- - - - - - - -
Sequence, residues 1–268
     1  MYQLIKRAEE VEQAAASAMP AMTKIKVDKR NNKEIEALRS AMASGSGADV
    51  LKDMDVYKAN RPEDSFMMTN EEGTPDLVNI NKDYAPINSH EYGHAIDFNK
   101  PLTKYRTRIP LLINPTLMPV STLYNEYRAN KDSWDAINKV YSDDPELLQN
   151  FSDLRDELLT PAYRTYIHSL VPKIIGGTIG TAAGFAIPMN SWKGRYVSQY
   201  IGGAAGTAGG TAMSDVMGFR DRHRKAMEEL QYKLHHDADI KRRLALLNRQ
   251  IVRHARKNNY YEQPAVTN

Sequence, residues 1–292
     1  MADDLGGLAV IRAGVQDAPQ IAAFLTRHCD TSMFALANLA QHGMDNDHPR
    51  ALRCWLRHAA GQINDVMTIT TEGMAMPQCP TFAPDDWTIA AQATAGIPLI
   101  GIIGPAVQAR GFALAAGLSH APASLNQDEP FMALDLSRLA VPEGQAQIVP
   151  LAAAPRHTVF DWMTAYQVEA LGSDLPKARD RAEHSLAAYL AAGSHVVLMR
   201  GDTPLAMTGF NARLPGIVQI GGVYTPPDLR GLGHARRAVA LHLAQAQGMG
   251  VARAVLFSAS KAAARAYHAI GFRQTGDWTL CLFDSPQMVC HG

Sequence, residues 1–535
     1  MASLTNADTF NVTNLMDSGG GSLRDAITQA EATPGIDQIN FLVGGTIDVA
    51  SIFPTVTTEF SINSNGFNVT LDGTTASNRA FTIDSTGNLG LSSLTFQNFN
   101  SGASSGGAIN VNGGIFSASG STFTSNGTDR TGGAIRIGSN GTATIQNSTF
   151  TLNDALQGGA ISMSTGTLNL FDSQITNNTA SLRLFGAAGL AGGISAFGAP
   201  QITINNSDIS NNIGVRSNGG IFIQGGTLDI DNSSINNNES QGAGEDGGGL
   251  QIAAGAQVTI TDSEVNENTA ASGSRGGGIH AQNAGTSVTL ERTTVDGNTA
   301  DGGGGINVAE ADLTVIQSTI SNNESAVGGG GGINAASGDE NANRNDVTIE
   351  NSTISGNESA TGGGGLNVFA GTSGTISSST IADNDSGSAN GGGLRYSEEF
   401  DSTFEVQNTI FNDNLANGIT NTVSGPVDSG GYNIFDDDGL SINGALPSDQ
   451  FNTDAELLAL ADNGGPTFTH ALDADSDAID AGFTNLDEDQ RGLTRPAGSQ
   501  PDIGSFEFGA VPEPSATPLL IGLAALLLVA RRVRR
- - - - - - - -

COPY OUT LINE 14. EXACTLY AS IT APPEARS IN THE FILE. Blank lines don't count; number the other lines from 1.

   251  VARAVLFSAS KAAARAYHAI GFRQTGDWTL CLFDSPQMVC HG